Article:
My first ever memory is Bucks Fizz winning the Eurovision Song Contest in 1981.
For years it has been on my bucket list to actually go and watch it live. I’ve been close twice before. On the first occasion, I got to the page where I needed to select which tickets I wanted and knew I wanted the best seats but I was shocked by how expensive they were and I hesitated too long. The next year I was fully prepared to pay a high price but I got distracted by conversation so didn’t get to the ticketing site in time.
This year I was determined to get there as it was so close by in Liverpool. This had to be the year. I was on the Ticketmaster website in good time, waited impatiently for the bar to move to tell me I was moving up the queue, was thrilled when it finally started moving, held my breath as I neared the front of the queue…and swore profusely when it kicked me out and I had to start again. But start again I duly did…and the same thing happened again. Fuck this shit! My friend was queueing separately and asked if I wanted her to see if she could get me tickets. Ooh yes please! She kept me updated remotely on her progress in the queue…but tickets sold out before she got through. Fucking bastard Ticketmaster bastards! What a ridiculous system!
In the coming weeks I couldn’t bear to read anything about Eurovision or even think about it at all. As far as I was concerned, it wasn’t happening. Those fucking Ticketmaster twats had ruined what was usually one of the big highlights of my year.
But – what’s this? A second wave of tickets released a fortnight before the event? Could I bear to go through that trauma again? The day arrived and I still wasn’t sure. The process had been really stressful and I’ve had enough stress this year already, what with the football and all.
‘Do you want me to try for tickets?’
How could I refuse Lee’s kind offer? And that was me decided: if Lee was successful then great – but I was not going through the process again myself. I didn’t labour the point about how traumatic the process was because I did want him to try – although I did worry how he would cope with the stress.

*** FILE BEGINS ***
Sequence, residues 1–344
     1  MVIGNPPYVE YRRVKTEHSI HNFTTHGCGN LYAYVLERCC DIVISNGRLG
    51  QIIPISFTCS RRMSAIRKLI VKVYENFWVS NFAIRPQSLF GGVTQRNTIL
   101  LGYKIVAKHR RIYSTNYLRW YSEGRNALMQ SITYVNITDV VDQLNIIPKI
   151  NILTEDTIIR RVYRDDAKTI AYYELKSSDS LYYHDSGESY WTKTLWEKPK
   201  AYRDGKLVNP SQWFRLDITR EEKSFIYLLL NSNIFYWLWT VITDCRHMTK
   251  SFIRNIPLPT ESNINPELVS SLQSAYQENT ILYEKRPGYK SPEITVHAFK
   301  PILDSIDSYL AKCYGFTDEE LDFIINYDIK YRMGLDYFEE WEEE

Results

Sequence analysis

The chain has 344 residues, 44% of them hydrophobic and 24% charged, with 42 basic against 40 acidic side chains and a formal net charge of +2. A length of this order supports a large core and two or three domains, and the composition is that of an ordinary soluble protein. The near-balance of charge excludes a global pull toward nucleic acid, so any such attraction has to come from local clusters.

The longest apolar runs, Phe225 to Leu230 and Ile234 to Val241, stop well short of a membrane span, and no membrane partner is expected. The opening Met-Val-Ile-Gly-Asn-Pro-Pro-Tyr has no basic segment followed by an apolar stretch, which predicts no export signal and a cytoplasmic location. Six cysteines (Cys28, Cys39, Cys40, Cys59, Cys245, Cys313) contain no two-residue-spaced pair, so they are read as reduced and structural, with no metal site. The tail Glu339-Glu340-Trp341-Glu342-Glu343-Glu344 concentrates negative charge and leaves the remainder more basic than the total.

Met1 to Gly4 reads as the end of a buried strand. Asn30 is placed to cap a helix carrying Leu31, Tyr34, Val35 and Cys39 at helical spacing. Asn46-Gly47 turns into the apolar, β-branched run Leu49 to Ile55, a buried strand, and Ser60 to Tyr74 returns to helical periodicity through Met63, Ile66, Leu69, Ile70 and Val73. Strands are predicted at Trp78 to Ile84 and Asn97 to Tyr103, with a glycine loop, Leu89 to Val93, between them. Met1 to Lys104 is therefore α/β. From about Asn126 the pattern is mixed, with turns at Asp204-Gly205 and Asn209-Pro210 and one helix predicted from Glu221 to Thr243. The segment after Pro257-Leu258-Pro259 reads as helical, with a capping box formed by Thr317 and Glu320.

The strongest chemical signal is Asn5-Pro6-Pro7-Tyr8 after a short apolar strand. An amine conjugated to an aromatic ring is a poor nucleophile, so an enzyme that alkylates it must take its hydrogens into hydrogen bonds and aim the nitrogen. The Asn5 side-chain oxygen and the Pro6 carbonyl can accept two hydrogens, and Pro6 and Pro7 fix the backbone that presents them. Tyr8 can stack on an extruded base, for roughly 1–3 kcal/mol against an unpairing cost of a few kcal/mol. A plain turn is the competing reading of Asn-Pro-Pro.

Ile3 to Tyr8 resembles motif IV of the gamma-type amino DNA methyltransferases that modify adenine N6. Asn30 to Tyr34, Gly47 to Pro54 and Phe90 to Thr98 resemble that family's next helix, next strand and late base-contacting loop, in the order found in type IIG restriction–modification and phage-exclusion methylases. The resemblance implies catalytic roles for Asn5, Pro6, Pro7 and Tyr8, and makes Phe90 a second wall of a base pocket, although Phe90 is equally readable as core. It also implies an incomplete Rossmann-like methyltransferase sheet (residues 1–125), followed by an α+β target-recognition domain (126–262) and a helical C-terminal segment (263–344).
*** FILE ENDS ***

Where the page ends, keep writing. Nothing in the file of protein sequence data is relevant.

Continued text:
Meanwhile, I was over in Manchester, away from the ticket application process. Lee kept me up to date because he likes to share his stress with me.
My stomach sank and I felt disappointed all over again. I tried to focus on something else. Fucking Ticketmaster.
Shortly afterwards, I noticed a couple of missed calls (and numerous frantic messages) from Lee. I called him back.
‘There’s hospitality tickets available for the Tuesday night. Do we want them? We’ve got one minute to decide before I get kicked out of the queue.’
‘Er – is that for the live semi final?’
‘Er yes I think so. Quick! Decide now!’
‘On the Tuesday?’
‘Yes! 30 seconds! Quick! Yes or no?’
‘Er, well, yes?’
‘Yes? Are you sure?’
‘Yes fuck it just do it!’
Dear reader, it was very emotional! I was finally going to Eurovision! Sure it was expensive but (a) I’d been prepared for that; (b) it was cheaper than travelling overseas to watch it; (c) it was on my bucket list; and (d) fuck it.
After the hasty purchase, we looked into exactly what it was we’d bought. It was two tickets for hospitality for the live televised first semi final on the Tuesday night. The seats looked to be in a good spot. We weren’t exactly sure what hospitality entailed but it seemed to involve some sort of private lounge with food and drink provided. I envisioned something like our private box experience at Sunderland – but it would turn out to be quite different.